During the Edinburgh Film Festival, film critic Calum Cooper sat down with director William McGregor and actress Eleanor Worthington-Cox to discuss their new film Gwen, which screened at the film festival and is scheduled to release in cinemas this week, on 19 July.
Calum: I’m here with Eleanor Worthington-Cox and William McGregor to talk about their new film, Gwen. How are you guys?
Eleanor: I’m good.
William: Good. Thank you.
Calum: I saw the film two days ago, and I thought it was great. I really liked it. For those who haven’t heard of it, tell us what the film is about?
William: It’s a kind of slow-burn, anti-capitalist folk horror. It’s setting up the expectation of the antagonist being a monster or a witch, but is it really a monster? I’ve always loved folk horror, and it’s massively inspired by landscapes. So those things found themselves into this North Walian dark gothic drama.
Calum: Whereabouts did, I guess, the idea spawn from? It was very unsettling for me, and it’s obviously quite a disturbing idea.
William: Yeah. I’ve just been fascinated by dread, and the uncanny. I love going to the cinema and just feeling on the edge of my seat and tense. I think it’s one of those things that folk horror does: To take the landscape and to portray that landscape in a way that understands that there’s danger in nature. There’s danger in the land, and that’s something that we’ve lost touch with. It can be incredibly scary really.
Calum: Is that the same for you Eleanor?
Eleanor: Yeah. Completely. And, when I came on board, that was one of the first things that really took me. I’ve never read a script like it. So when you really immerse yourself into that landscape, it really just brings you closer to the character.
Calum: So what was the decision making behind having it specifically set in Wales? I’ve seen plenty of folk horror set in like North America or Scotland. But I don’t think I’ve ever seen one set in Wales before.
William: Actually, the short film that it was based on – Who’s Afraid of the Water Sprite? – was made in Slovenia. Hilary Bevan Jones, the producer of Gwen, I think saw that film in about 2011, and we got talking during a student film festival. She said “would you consider developing this short fairy tale student film that I made into a feature film. I think you’d really react well and respond well to the Snowdonian landscape”. It’s somewhere that she has a great affinity with, and has a great love for, and she wanted me to explore that area in Betws-Y-Coed. I instantly fell in love with the landscape. It was sublime and awe-inspiring. The terrain was dangerous yet beautiful. We really just stayed in Betws-Y-Coed and went walking and discovered these incredible landscapes, including this monolithic rock in the middle of this valley that inspired the opening of the film. It all became quite a natural process really.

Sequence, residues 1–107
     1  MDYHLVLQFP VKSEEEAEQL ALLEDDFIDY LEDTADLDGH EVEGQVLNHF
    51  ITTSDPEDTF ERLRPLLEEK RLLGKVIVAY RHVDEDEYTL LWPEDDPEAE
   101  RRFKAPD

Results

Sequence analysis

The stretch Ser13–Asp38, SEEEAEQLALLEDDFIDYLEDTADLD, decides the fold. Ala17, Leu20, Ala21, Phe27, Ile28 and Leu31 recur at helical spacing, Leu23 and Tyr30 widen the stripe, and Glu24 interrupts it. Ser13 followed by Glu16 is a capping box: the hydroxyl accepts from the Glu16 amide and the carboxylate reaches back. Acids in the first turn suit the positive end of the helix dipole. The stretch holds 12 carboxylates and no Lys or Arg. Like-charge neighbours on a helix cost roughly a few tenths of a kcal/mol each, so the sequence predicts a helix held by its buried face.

Calum: Eleanor, I think you’re terrific in the film.
Eleanor: Aw, thank you so much.
Calum: It’s a very hard kind of role to pull off, so I was wondering what influenced your performance?
Eleanor: From the moment I read the script I knew it was the kind of role that I wanted to do, because I’ve always been very invested in portraying strong characters: People who go through a lot. I’ve never been a girly girl, so I’d always rather be covered in mud than in a pretty dress. Reading the script and seeing the hardship that this young woman goes through – keeping her family together in such horror from both the landscape and the people around her – I knew immediately that it was something I wanted to do. I’ve always loved a challenge, and so I thought, yeah this is definitely going to push me. It’s going to challenge me. I knew from the minute I read the first draft that it was something that I’d love to do.
Calum: It’s interesting that you mention it because, as well as an anti-capitalism film, I read it as an anti-patriarchy piece. Was that intended?
William: I guess you can tie anti-capitalism into a subgenre of anti-patriarchalism.